Military personnel enjoy, like all Americans, the First Amendment guarantee of the “Free Exercise” of their particular religious faith. But because military personnel are considered a “captive audience,” the laws of our country require the government to provide access to that faith. This is why we have a military chaplaincy. This all becomes very clear when one thinks of a military family stationed in Bahrain or Japan. They cannot walk down the street to the local synagogue, church, mosque, etc.
There is a chronic shortage of active duty Catholic chaplains. While roughly 25% of the military is Catholic, Catholic priests make up only about 8% of the chaplain corps. That means approximately 275,000 men and women in uniform, and their families, are served by only 234 active-duty priests. The temporary solution to this shortage is to provide GS and contract priests. These men are employed by the government to ensure that a priest is available when an active duty Catholic Chaplain is not present. With the government shutdown, many GS and contract priests who minister to Catholics on military bases worldwide are not permitted to work – not even to volunteer. During the shutdown, it is illegal for them to minister on base and they risk being arrested if they attempt to do so.
As an example, if a Catholic family has a Baptism scheduled this weekend at an Air Force base that is staffed by a GS or contract priest, unless they can locate a priest who is not a GS or contract priest, the Baptism is most likely cancelled. If you are a Catholic stationed in Japan or Korea and are served by a Contract or GS priest, unless you speak Korean or Japanese and can find a church nearby, then you have no choice but to go without Mass this weekend. Until the Federal Government resumes normal operations, or an exemption is granted to contract or GS priests, Catholic services are indefinitely suspended at many of those worldwide installations served by contract and GS priests.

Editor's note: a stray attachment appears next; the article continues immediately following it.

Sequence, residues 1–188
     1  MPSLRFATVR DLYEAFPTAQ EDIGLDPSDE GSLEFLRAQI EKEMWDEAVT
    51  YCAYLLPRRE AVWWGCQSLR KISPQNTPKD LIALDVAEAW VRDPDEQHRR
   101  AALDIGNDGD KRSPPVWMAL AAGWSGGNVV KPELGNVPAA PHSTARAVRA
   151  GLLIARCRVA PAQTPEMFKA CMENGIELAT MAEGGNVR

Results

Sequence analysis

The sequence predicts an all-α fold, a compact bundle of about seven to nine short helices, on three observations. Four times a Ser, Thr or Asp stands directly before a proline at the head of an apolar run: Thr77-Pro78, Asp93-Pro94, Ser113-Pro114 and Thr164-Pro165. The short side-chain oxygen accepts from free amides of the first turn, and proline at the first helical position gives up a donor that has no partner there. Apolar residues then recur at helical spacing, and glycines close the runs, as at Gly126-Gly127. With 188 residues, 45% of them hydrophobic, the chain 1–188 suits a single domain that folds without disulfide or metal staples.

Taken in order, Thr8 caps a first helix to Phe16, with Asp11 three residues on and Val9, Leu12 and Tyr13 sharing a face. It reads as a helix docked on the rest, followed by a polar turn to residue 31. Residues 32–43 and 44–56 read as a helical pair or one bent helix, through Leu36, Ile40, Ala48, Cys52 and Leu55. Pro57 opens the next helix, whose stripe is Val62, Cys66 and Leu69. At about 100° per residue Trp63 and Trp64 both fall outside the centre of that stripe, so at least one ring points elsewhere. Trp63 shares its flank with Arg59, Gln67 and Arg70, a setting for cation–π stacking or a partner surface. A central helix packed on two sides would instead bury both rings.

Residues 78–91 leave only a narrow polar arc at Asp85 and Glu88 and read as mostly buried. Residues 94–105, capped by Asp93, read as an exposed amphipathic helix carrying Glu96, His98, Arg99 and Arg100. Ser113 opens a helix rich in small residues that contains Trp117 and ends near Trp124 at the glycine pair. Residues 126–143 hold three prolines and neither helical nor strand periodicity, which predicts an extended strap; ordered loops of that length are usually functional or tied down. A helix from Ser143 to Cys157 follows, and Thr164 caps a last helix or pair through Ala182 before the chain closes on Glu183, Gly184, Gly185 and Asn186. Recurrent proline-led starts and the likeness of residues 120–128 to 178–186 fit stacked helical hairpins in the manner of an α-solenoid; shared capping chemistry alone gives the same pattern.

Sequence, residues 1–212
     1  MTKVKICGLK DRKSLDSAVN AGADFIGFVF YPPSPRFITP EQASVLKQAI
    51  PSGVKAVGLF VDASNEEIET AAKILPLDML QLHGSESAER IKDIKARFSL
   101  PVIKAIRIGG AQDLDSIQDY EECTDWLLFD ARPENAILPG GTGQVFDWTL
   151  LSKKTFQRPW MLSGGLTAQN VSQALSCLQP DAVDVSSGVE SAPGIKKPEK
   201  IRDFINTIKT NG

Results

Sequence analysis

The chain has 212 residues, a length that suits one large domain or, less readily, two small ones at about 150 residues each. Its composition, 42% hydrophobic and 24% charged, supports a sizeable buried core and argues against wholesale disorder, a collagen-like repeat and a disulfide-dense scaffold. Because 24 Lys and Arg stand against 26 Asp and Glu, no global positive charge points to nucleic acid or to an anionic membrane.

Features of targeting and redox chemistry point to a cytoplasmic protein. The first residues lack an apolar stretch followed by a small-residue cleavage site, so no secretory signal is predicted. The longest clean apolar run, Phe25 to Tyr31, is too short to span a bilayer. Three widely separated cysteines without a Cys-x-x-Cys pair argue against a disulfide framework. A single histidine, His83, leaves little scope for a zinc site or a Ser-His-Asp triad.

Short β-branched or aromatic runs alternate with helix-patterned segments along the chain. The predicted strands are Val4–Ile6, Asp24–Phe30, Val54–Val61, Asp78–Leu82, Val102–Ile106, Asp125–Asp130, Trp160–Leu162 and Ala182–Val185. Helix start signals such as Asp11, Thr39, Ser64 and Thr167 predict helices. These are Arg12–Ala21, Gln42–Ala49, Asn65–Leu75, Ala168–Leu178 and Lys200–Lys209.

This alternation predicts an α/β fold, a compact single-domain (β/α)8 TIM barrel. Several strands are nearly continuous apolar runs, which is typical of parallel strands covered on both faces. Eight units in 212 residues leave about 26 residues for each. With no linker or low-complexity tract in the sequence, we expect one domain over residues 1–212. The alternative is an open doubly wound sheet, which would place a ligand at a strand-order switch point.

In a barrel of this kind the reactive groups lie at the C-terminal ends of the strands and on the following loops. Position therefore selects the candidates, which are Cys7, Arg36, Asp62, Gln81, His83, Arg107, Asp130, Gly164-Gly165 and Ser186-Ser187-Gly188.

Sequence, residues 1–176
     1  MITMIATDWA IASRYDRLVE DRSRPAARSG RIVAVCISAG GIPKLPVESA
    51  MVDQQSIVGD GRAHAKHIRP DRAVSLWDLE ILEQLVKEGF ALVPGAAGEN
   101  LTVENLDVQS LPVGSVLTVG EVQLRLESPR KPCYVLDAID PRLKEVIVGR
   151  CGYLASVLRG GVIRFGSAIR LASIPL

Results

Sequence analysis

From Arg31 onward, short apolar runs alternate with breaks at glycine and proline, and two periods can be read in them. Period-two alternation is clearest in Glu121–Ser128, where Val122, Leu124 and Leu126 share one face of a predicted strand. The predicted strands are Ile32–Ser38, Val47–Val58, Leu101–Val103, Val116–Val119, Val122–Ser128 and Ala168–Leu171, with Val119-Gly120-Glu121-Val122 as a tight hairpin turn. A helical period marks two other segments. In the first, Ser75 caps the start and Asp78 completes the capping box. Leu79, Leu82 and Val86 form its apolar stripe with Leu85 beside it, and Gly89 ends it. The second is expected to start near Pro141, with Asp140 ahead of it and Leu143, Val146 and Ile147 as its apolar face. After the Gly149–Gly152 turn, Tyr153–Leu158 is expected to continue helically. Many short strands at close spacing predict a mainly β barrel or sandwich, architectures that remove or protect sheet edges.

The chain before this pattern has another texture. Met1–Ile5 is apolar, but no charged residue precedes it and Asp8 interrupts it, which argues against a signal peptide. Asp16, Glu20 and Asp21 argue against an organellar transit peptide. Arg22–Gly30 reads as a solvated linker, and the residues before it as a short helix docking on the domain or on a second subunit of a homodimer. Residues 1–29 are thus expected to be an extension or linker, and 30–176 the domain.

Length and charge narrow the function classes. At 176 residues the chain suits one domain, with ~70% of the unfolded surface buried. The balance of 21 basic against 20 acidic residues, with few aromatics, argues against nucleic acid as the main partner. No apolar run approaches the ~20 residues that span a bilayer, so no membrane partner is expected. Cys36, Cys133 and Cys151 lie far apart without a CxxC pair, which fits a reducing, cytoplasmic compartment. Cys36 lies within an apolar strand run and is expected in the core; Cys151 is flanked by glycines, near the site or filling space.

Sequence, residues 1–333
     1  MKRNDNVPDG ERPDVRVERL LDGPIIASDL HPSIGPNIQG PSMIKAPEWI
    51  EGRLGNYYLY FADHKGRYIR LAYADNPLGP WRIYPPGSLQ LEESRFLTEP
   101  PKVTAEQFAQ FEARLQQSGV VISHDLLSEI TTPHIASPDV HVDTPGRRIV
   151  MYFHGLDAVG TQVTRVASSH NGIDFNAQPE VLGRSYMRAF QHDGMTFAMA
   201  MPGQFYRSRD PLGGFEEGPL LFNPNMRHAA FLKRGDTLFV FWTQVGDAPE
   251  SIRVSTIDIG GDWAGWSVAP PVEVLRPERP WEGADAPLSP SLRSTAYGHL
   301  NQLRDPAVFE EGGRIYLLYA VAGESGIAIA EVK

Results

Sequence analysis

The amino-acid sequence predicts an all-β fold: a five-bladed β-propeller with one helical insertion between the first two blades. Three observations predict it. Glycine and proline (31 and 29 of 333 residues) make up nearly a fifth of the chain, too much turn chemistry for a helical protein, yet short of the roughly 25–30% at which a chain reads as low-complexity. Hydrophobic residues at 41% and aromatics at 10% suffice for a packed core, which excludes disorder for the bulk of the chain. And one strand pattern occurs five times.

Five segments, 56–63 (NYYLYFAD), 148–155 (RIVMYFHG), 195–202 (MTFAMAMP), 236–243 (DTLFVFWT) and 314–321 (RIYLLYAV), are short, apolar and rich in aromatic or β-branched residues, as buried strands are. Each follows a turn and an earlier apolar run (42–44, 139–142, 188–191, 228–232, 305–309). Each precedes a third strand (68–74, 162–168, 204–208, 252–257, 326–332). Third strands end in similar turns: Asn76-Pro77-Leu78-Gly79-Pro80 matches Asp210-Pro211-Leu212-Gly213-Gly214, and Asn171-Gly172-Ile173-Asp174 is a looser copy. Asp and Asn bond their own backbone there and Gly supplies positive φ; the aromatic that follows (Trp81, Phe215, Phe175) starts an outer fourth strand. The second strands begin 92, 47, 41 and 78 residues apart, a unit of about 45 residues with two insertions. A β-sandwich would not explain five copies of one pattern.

At a time when the military is considering alternative sources of funding for sporting events at the service academies, no one seems to be looking for funding to ensure the Free Exercise rights of Catholics in uniform. Why not?
*John Schlageter is General Counsel for the Archdiocese for the Military Services, USA.